Federal regulations require that all foster youth aging out have a transition plan. These plans are usually created by staff with little to no meaningful input from the young person him or herself, and are a missed opportunity to help young people develop the skills they will need in order to become independent.
Foster care is a huge bureaucracy and slow to change. A new administrator can change policies, requiring new checklists or deliverables, but the change stalls out when pushed onto a network of overworked and emotionally exhausted professionals. Simple things already require tremendous amounts of work. Los Angeles County alone spends two million hours of staff time a year coordinating visitation. If a youth in foster care wants to stay overnight at a friend’s house, a number of background checks must first be performed. For a young person to travel out of state, the paperwork can take many days to process, often causing young people to simply miss important events (this is how Sixto, as a teenager, missed a beloved brother’s funeral: the paperwork simply could not be processed in time). Calls for change often come across as more work for these already overloaded professionals. Solutions in this space are therefore doubly hard to come by. Not only do they need to work for the young people in the care of the state, but they need to work for the workers, too.
In the existing system, social workers create transition plans for youth who will be aging out, complete with goals for them to hit on the way to independence. These are created almost entirely by the social worker, with little or no input from the young people, who are not consulted on what they want independence to look like for them. On top of this, multiple case workers across multiple institutions will have their own plans (like the school’s IEP or Individualized Education Plan). Sixto’s model allows young people to have a say in setting their own goals and their own track to independence. The system connects to social workers, case managers, and teachers across agencies. Furthermore, the Think Of Us model also surrounds them with family-like supporters, so all steps do not need to be completed by the youth alone or limited to the support of the overtaxed social worker.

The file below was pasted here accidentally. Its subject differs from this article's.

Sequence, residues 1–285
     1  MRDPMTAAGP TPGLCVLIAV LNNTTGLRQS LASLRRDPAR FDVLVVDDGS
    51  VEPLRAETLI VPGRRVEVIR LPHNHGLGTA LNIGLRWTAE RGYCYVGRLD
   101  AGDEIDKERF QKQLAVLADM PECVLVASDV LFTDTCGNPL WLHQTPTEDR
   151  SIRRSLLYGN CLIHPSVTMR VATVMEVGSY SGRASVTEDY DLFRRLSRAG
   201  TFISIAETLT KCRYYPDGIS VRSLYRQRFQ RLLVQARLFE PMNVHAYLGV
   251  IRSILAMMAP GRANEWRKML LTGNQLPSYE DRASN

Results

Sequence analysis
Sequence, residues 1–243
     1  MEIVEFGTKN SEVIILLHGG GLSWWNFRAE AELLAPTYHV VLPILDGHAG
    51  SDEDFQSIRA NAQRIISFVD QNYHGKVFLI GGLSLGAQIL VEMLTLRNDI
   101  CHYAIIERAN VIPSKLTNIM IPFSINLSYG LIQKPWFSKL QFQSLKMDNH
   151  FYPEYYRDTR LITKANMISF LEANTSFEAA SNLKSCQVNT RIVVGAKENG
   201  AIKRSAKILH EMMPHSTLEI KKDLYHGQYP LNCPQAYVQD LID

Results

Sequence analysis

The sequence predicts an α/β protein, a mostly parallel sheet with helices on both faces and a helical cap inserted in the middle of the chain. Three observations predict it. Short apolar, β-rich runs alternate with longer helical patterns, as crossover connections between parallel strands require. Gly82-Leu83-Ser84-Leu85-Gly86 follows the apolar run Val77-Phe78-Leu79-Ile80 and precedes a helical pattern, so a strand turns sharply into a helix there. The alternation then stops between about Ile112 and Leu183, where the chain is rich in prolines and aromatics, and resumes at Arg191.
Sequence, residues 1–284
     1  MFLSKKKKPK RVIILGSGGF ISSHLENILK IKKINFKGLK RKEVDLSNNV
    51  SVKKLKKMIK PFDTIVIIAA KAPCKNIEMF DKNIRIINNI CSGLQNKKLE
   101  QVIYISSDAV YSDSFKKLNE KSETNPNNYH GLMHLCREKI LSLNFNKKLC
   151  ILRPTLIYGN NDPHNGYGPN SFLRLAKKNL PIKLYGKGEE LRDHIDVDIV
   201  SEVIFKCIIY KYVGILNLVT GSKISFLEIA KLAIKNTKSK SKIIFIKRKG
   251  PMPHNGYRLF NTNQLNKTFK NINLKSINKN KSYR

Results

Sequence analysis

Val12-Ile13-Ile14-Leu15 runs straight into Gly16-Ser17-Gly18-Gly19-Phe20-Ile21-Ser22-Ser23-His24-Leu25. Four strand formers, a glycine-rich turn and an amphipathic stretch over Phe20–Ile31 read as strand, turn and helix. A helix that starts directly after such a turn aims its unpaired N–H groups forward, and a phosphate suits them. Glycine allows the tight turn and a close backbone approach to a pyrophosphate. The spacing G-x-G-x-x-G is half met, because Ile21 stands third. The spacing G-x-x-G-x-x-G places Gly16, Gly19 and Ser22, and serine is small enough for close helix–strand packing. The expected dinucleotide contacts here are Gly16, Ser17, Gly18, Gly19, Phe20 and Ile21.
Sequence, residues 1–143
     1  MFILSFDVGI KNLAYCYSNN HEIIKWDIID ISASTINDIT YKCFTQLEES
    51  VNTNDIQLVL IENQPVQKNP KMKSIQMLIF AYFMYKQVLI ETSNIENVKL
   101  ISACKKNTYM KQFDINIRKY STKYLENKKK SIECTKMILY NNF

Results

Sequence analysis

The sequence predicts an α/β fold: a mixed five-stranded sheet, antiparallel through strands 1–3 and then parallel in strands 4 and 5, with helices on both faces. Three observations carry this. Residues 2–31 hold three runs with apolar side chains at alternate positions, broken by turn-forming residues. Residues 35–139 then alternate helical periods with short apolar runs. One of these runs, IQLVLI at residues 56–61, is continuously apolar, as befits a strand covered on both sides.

From the young person’s perspective, theThink Of Us Platform is an app that connects them to crucial resources as they transition out of the foster care system and to adulthood. These resources include video guides and budgeting tools, as well as the one resource that has been proven to help these youth succeed: connection to caring adults. The young people build “personal advisory boards,” made up of their social workers, teachers, coaches, mentors, and adult family and friends. On the app, they can choose which goals they want to work towards and assign advisory board members to help them with those goals. The involved adults can communicate with the youth, as well as with one another, which is rare in the foster care system where generally social workers do not communicate with the young person’s unofficial adult support system. This builds a more cohesive network of support for the young person. Locating goal setting in the hands of the young people additionally harmonizes various agencies’ plans for the young people and allows them to coordinate more effectively, saving countless hours of staff time and preventing youth from falling through the cracks between agencies.
The backbone of the foster care system is a digital case management system built in the 1990s. Sixto realized that if he could revamp this system, he could transform the sector. He has set out to build a case management system that centers youth while improving the workflow and thus lightening the load of their case managers. The current model has been built through an iterative human-centered design process, in consultation with youth currently in foster care. The platform has been piloted in California and Nebraska. Think Of Us has worked with child services in sixteen states and the federal government. They have built these relationships through a series of hackathons, design sprint challenges that bring together technologists with subject matter experts, in this case child welfare professionals and youth in foster care, in order to solve pressing problems in the field. Through these hackathons they have built tools that introduce the world of child welfare to the benefits of technology. This includes software to help Los Angeles county coordinate the four million hours of visitation its child welfare team needs to coordinate annually, and other applications designed to solve bottlenecks and barriers in the child welfare system. They have worked with both the people at the national level who design and authorize new regulations and the people at the local level who are tasked with implementing them. This leaves them uniquely well-positioned to orchestrate change.